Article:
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Front Sight Focus―Why?

Front Sight Focus―Why?

In this article, we’ll take a look at techniques I’ve learned from Master shooters at the National Championships and the things I teach in NRA handgun classes. We learn from each other, so feel free to comment in the section at the bottom.

When introducing new students to handguns, I point out that there are few things about shooting a handgun that are counterintuitive, like focusing on the front sight. Most sports encourage us to focus on the target, such as a baseball pitcher’s focus on the catcher’s mitt or a football quarterback’s focus on the receiver. Golf is more like shooting a handgun, where we should watch the ball, rather than the cup (target). When aiming a handgun, rather than looking at the target as in most sports, we want to focus on the front sight. Why?

Chip Lohman competes at the Bianchi Cup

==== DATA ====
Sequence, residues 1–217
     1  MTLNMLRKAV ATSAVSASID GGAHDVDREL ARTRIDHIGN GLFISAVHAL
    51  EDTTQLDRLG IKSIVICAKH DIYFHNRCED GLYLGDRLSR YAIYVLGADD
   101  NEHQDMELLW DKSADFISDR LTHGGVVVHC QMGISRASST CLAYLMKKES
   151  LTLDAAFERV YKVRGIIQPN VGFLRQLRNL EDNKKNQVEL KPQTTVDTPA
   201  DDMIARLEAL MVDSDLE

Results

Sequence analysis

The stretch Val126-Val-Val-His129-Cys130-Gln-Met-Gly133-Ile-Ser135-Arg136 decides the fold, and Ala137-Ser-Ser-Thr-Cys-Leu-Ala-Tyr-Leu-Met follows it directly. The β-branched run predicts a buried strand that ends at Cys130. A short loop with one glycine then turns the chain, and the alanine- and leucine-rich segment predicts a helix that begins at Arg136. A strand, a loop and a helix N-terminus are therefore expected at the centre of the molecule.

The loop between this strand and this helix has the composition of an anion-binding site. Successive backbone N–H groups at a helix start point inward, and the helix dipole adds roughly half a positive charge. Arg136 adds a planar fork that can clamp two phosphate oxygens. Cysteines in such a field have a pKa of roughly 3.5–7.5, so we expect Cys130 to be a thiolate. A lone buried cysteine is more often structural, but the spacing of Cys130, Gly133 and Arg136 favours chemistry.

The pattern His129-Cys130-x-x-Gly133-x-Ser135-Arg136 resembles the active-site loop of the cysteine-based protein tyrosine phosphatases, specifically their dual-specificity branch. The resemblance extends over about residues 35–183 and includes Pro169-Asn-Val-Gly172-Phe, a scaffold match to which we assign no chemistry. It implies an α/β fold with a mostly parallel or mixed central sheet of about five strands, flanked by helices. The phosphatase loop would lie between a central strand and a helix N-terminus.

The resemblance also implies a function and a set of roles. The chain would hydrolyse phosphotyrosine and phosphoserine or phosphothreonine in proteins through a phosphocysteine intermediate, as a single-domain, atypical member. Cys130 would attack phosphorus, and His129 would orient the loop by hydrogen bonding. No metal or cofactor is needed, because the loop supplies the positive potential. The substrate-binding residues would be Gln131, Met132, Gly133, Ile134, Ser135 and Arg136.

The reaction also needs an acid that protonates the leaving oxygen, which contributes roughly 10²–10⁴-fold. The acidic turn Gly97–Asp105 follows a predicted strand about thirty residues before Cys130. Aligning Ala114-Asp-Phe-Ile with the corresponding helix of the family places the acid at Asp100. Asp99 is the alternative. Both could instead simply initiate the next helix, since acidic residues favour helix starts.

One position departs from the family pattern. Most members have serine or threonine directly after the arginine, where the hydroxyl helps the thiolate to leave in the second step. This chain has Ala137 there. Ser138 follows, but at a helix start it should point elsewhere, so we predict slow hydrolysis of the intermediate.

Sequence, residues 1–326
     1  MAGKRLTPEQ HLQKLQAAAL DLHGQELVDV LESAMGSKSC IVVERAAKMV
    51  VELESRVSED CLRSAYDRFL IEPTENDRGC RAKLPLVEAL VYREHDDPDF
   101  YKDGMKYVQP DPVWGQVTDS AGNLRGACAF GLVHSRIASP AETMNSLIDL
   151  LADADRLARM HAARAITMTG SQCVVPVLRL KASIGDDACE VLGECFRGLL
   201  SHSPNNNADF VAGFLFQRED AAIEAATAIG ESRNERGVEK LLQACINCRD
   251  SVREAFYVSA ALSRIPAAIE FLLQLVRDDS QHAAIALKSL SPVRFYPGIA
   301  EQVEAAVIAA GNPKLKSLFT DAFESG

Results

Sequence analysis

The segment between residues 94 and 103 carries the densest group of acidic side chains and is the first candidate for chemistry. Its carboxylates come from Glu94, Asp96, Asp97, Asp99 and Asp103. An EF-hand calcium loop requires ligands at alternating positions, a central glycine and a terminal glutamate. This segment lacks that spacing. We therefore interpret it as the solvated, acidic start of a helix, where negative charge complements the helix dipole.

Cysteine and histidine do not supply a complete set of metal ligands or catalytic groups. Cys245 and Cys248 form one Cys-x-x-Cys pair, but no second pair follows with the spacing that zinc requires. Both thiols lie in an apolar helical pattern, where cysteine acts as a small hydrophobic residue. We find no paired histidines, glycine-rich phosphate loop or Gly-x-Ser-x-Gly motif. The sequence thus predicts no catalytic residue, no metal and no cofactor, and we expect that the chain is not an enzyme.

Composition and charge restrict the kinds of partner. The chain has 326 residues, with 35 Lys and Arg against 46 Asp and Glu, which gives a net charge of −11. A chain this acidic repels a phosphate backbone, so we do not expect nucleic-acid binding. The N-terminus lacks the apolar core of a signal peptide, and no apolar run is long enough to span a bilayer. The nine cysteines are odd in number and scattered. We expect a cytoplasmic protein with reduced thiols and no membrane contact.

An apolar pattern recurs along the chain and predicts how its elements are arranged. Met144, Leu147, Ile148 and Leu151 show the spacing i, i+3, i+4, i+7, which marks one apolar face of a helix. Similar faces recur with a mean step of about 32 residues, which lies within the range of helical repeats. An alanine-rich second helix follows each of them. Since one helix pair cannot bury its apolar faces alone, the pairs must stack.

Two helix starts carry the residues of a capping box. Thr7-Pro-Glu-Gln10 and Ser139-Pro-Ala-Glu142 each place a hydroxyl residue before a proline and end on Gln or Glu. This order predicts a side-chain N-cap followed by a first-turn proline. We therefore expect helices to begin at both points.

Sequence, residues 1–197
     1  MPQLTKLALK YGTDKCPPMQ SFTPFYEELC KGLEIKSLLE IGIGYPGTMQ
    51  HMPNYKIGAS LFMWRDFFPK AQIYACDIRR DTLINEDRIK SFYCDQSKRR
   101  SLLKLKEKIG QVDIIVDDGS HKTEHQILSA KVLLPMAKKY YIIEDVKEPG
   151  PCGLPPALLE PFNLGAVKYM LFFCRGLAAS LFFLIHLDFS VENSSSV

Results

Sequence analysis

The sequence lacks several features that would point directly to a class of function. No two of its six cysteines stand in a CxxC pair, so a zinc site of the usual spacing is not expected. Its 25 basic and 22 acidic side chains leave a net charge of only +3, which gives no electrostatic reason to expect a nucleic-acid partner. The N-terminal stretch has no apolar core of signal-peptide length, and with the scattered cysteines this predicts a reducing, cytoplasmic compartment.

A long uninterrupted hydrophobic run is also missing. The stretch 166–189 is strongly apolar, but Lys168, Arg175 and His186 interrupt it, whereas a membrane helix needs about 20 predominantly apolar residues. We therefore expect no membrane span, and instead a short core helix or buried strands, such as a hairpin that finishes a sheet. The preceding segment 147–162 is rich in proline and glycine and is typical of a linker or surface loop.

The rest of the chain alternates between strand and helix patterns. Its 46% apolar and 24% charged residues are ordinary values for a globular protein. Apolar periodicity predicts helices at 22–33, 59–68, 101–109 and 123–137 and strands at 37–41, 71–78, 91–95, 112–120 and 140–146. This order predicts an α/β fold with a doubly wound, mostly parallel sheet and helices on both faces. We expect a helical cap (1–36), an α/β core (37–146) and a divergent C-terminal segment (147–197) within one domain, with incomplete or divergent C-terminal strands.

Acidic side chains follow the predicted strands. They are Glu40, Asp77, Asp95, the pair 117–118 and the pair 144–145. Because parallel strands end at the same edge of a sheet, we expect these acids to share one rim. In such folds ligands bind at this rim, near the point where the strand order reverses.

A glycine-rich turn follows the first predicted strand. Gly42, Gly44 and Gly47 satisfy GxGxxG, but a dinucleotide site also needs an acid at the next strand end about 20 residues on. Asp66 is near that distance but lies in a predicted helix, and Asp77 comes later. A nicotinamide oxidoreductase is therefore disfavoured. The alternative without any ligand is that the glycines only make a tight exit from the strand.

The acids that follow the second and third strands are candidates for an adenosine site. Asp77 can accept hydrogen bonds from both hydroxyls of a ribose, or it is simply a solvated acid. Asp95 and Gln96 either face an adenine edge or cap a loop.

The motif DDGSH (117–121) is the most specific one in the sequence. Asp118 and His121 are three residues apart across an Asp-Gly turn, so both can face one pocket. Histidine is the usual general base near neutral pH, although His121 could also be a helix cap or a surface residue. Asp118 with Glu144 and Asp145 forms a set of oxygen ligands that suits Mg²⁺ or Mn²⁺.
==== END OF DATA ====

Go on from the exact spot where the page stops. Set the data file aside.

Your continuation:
The reason lies in our eye’s inability to focus on more than one point at a time. The eye can focus on one or the other, but not both at the same time. Similarly, our eye can’t focus on the rear sight, front sight and target simultaneously. If we focus on the target, which is the natural tendency, then the barrel alignment can be far off before we’ll notice it.

So, the best way to ensure that the sights and target remain aligned while we squeeze the trigger is to focus on the one point that is “most in the middle”―the front sight. Even though the rear sight and target will be blurry, focusing on the front sight allows us to keep everything lined up.

Next time, we’ll cover trigger squeeze so that we don’t undo everything we just fixed with sight alignment.

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